In an interesting role reversal, executives at National Health Investors (NYSE: NHI) expressed optimism about skilled nursing investments while handling pointed questions about some distress on the senior housing side of its business.
CEO Eric Mendelsohn trumpeted his real estate investment trust’s (REIT) new partnerships with skilled nursing operators Ignite Medical Resorts and Wingate on NHI’s fourth-quarter earnings call Tuesday morning, praising their “interesting strategies around skilled nursing.”
The Murfreesboro, Tenn.-based NHI announced its partnership with affiliates of Ignite Medical Resorts and Villa Healthcare in mid-December, with the REIT backing the construction of a $25 million rehab facility located near Milwaukee. The 144-bed property, Ignite Medical Resort Oak Creek, will feature higher-end amenities and specialized services — including dialysis and stroke care, Ignite CEO Tim Fields told SNN at the time.
Those services form the core of the business model at the Niles, Ill.-based provider, which opened a Kansas City location last year and plans to christen four to five additional new buildings through 2020. And given the importance of attracting higher-acuity patients under the upcoming Patient-Driven Payment Model, NHI’s senior vice president of investment Michelle Kelly called the deal a “home run” for the REIT.
“I wouldn’t say that about a lot of skilled nursing, but this certainly checked off a lot of boxes,” she told SNN.
In an era where new skilled nursing development is frequently seen as a risk, NHI reemphasized its optimism about the deal Thursday.
“We are excited about owning new skilled nursing product, and also Ignite’s hospitality-focused operating strategy while taking on medically complex patients,” chief investment officer Kevin Pascoe said.
Pascoe also touted the company’s recent pickup of the Wingate at Silver Lake, a Kingston, Mass. senior living campus that counts 164 skilled nursing beds among assisted living and independent living options.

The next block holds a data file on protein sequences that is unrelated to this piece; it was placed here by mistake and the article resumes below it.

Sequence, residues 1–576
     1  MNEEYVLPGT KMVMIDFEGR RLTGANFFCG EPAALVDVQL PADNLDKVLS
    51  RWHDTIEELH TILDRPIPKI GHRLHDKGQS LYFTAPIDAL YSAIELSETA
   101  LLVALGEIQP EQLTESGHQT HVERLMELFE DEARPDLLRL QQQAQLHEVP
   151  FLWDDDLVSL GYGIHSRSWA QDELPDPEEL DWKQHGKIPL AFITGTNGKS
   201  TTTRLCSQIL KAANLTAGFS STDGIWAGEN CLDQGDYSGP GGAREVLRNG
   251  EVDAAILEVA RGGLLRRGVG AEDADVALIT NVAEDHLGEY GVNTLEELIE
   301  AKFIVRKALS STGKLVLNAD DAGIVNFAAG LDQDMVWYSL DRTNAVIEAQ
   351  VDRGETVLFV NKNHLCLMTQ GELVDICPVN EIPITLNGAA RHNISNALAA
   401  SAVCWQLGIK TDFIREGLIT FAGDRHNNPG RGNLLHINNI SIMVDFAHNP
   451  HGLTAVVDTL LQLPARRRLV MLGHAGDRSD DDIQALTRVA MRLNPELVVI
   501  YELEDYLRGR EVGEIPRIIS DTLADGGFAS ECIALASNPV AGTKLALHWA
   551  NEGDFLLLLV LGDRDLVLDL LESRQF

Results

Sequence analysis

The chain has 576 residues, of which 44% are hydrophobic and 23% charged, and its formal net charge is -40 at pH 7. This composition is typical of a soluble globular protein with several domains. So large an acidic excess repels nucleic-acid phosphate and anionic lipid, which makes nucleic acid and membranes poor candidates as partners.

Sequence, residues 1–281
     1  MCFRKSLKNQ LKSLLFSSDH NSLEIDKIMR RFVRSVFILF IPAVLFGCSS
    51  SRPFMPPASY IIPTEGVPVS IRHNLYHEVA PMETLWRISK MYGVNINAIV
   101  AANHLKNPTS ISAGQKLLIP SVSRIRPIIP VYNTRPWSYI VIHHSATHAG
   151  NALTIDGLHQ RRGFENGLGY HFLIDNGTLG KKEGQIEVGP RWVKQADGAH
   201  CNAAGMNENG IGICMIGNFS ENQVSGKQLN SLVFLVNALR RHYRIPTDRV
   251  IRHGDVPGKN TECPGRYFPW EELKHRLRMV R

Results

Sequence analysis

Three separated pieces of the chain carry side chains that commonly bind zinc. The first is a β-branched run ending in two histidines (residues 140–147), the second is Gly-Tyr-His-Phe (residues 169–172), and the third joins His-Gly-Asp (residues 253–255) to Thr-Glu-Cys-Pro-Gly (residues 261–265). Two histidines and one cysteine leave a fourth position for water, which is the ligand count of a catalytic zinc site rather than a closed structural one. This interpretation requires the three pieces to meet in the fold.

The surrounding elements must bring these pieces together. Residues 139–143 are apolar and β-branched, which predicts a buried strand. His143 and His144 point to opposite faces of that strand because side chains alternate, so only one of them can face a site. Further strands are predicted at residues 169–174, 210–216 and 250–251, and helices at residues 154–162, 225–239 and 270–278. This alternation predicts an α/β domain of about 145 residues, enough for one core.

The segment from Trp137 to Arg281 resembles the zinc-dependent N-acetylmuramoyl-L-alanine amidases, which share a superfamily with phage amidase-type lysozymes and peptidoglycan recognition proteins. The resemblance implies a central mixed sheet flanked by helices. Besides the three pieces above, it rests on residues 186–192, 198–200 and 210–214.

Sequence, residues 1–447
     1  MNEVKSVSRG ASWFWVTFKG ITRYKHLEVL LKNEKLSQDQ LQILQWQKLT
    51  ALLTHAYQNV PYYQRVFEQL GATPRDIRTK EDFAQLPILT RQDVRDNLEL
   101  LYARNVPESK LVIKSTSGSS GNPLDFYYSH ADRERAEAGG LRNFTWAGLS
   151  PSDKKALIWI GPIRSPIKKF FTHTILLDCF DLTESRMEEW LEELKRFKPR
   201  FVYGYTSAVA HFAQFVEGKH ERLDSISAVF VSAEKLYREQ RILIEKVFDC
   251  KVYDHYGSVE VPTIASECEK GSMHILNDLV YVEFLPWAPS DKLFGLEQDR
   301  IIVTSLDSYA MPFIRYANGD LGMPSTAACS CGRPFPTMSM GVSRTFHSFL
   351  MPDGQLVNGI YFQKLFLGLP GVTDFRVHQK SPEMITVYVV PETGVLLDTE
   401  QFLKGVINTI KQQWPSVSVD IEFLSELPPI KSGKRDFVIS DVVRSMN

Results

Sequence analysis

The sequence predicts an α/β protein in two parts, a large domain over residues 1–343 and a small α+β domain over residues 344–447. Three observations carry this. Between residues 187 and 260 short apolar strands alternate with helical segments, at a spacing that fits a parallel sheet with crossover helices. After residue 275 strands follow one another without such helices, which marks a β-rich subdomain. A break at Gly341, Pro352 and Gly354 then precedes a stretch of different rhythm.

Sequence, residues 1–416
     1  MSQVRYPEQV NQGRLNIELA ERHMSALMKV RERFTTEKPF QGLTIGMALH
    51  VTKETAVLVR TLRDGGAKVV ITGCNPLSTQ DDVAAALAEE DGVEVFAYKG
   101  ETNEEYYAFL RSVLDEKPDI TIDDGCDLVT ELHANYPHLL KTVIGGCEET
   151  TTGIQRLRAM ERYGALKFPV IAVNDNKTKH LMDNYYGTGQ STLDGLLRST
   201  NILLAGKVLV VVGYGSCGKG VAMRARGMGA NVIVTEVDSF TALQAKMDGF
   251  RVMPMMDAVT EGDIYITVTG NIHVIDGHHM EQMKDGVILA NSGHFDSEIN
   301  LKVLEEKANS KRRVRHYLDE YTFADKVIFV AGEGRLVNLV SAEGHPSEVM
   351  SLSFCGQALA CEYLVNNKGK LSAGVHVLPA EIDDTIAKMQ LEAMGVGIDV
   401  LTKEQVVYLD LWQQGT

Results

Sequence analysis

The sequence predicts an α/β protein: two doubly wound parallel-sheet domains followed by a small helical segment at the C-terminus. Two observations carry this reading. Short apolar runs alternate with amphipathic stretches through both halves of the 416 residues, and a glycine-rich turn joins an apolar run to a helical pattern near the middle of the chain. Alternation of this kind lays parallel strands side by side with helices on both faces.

“We like Wingate’s campus approach to senior housing,” he said, pointing to the operator’s 25 years in the seniors housing and care business.
Those deals represented a contrast to troubles elsewhere in NHI’s portfolio, with Mendelsohn reporting ongoing troubles related to senior living properties operated by affiliates of East Lake Capital, memory care provider Autumn Leaves, and an unnamed operator in Wisconsin.
“We are in talks to forebear their defaults, which include failure to pay rent, but their continued ability to operate those communities is not certain,” Mendelsohn said of the five Autumn Leaves properties. “We’re giving them some time, during which they will either perform, or we will move on to Plan B.”
Still, Mendelsohn emphasized that the troubled assets represent only about 5% of the company’s overall portfolio, and the NHI team expressed further excitement over an approximately $180 million reinvestment at Life Care Services’ Sagewood development, a continuing care retirement community (CCRC) with 78 skilled nursing beds in the Phoenix-Scottsdale marketplace in Arizona.
“LCS and their entrance fee product continues to experience very robust demand,” Mendelsohn said.
NHI reported revenue of $74 million for the last three months of 2018, a gain of 4.1% from the previous year and $2 million more than analyst estimates. At year end, the REIT reported a total of 232 buildings across 33 states, with 76 skilled nursing facilities and 151 senior housing properties.
Mendelsohn hinted at growth in those numbers to come over the coming quarters.
“Our pipeline is as active as I’ve ever seen it, with some distressed product as well as stabilized,” he said.
But he also singled out some potentially troubling trends on the mergers-and-acquisitions side of the seniors housing and care marketplace, observing an increase in “broken deals” and the reappearance of certain properties on the marketplace six to 10 months after they were initially offered at “outrageous” prices that did not attract buyers.
“It sounds like 2007 to me,” Mendelsohn said. “I remember a lot of this stuff happening in 2007.”
NHI shares slid Thursday, falling $4.19 or 4.95% to close at $80.38.